When asked about the Bat-Hat, the artist responsible justified it with "I took a lot of crap from friends about this hat. But I still like the design. Russia is cold, why can't Batman have a warm hat?"
Perhaps not quite the same, but in the newspaper comic Curtis, the title character often gives commentary on the church ladies' more and more extravagant (and silly) hats.
Curtis himself is always seen with an oversized green cap — he even sleeps with it on.
Galactus cares not what lesser mortals think of his hat!
This one is a personal favorite of Superdickery's author, by the way.
In an issue of the Marvel G.I. Joe comic series, Firefly unveils his new outfit. The Joes he's facing are less than impressed. He notes that "you don't get the full effect without the hat" and puts his on (it's more of a helmet, but whatever), and although he's supposed to be a terrorist but is wearing neon green, he does look commensurately more badass.
In the Hitman comic, Tommy Monaghan's best friend is Natt "The Hat" Walls. The hat in question is very nice indeed, and damage to it appears to serve as a Berserk Button for Natt.
K'Kruhk's conic straw hat in Star Wars has reached Memetic Mutation levels on TheForce.Net, where it is referred to simply as "the Hat".
Ki-Adi-Mundi also wears a wide-brimmed hat at times, most notably in the Outlander story. It helps hide his very tall head.
In X-Men, Magneto's helmet tends to signify whether or not he's a villain this week; you're a lot likelier to be able to have a reasonable conversation with him if he's not wearing it.
Plus, in the movies, it serves as a psionic shield, making this Evil, Stylish, and Practical. No wonder he's a major villain.
There's a particularly interesting use in Excalibur v2 #11, where Magneto comes back home to Xavier after taking Scarlet Witch away from the Avengers. Charles reprimands him about wearing his helmet and Mags responds defensively, only calming down once he's taken the bucket off his head. Of course, this likely had more to do with the ridiculous amount of power he had just used, but the helmet was a good symbol.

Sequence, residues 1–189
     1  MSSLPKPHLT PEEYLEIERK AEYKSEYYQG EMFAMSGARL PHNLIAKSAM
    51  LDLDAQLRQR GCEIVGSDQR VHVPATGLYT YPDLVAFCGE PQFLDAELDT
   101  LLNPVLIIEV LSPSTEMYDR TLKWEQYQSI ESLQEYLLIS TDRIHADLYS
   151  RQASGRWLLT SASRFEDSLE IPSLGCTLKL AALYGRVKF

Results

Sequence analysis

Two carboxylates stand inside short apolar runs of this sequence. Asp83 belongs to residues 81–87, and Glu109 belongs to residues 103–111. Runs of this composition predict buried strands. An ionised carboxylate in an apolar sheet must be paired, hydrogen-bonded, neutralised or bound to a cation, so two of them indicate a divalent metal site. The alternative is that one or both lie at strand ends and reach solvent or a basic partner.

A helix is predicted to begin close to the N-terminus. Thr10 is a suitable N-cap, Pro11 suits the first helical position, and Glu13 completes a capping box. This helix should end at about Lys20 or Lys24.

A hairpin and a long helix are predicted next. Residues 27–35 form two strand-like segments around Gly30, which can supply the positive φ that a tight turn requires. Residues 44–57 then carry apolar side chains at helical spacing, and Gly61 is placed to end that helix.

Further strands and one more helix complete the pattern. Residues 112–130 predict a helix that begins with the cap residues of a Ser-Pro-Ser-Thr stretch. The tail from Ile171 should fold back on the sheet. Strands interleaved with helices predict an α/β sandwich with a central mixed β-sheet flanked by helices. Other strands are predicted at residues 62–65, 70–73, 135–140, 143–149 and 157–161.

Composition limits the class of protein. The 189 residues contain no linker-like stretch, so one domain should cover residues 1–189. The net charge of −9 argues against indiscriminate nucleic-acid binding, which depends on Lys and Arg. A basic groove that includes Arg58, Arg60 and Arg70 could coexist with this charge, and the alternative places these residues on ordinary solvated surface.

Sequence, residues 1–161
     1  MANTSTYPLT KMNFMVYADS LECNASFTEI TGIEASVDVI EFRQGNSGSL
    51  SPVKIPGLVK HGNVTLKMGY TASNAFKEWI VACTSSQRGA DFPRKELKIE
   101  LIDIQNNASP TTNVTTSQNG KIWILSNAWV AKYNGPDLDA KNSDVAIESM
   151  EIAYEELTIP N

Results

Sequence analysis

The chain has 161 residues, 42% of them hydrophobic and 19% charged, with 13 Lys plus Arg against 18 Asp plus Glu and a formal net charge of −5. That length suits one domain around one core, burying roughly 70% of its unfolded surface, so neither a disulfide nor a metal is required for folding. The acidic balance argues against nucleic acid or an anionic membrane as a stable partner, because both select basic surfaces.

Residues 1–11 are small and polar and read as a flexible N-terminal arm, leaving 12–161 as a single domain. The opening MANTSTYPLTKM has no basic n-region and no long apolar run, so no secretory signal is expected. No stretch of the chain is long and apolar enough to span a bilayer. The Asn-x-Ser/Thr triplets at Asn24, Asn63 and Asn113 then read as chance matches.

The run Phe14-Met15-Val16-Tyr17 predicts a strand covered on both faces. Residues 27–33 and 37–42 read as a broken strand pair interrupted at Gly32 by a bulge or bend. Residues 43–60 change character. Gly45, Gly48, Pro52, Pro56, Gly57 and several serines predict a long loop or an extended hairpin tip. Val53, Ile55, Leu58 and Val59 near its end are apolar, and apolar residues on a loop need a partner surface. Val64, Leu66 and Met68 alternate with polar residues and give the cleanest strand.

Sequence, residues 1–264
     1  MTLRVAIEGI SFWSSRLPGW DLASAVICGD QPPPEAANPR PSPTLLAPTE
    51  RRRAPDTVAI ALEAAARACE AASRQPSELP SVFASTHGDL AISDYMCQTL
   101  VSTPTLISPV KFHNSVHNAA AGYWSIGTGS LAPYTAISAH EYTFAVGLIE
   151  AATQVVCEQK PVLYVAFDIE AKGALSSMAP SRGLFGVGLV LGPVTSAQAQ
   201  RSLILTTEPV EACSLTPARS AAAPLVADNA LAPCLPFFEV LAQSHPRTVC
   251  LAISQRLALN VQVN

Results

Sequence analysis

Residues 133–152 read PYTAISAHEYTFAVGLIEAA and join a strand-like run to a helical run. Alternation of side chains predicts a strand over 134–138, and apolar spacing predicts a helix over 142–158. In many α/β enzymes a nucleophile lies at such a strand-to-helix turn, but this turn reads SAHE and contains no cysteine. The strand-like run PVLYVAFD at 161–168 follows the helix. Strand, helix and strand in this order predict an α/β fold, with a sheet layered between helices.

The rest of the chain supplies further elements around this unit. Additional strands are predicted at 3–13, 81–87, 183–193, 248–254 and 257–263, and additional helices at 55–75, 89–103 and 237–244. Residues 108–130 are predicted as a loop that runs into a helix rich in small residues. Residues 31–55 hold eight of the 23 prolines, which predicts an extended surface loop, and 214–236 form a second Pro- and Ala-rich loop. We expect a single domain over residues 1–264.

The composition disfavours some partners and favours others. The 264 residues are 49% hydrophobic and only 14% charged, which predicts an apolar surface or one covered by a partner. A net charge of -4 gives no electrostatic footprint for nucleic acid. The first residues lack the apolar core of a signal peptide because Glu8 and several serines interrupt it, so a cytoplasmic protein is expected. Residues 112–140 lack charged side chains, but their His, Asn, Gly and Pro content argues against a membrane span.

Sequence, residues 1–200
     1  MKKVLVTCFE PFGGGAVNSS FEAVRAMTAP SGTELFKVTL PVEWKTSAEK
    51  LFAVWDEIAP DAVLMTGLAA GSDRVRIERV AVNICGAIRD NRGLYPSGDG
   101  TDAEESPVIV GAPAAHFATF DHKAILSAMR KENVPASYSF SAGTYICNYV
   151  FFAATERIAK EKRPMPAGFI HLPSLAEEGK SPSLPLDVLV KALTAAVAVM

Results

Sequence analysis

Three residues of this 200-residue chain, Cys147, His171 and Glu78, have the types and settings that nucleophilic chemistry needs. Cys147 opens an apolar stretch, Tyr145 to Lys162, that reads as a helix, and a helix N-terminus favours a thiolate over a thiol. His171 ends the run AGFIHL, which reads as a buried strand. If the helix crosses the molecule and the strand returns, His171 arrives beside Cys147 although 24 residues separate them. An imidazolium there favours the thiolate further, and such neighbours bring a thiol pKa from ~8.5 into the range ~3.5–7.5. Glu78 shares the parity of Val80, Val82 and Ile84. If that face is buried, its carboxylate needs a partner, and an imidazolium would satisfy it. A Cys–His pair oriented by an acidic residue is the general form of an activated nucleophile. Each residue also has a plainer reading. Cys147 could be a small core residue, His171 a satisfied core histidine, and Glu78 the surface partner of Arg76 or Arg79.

He wears it when he feels a particular need to shield his mind from Xavier—which usually means he's up to something nasty.
Speaking of the Scarlet Witch, in her first two dozen or so appearances, Wanda's "hat"/headcover was more like a lampshade with a hole in the front for her face.
The Juggernaut's Helmet which also keeps Charles out of his head. And the skull cap he wears underneath, which is also psy-proof.
In an issue of The Books of Magic, Zatanna is having a conversation about good and evil with the Affably Evil Tala. The latter is wearing a particularly stylish hat. Zatanna finishes her argument about how good is better with "It's the only thing that keeps me from stealing your hat." Not that Zatanna is any slouch◊ in the headgear department herself.
Watchmen: Rorschach wears a fedora. During the movie version, during the fight with Ozymandius, whenever his hat falls off, he won't fight until he's put it back on. This seems to hint that he considers it to be a part of his 'body', as he does his mask.
Alpha Flight villain/hero Smart Alec has a big, bulky helmet that also enhances his intellect and feeds him information at a superhuman rate.
The Mad Hatter is a Batman villain who not only has a hypnotic (literally) chapeau of his own, but who's fascinated with all headwear, especially the nicest one of all— Batman's cowl.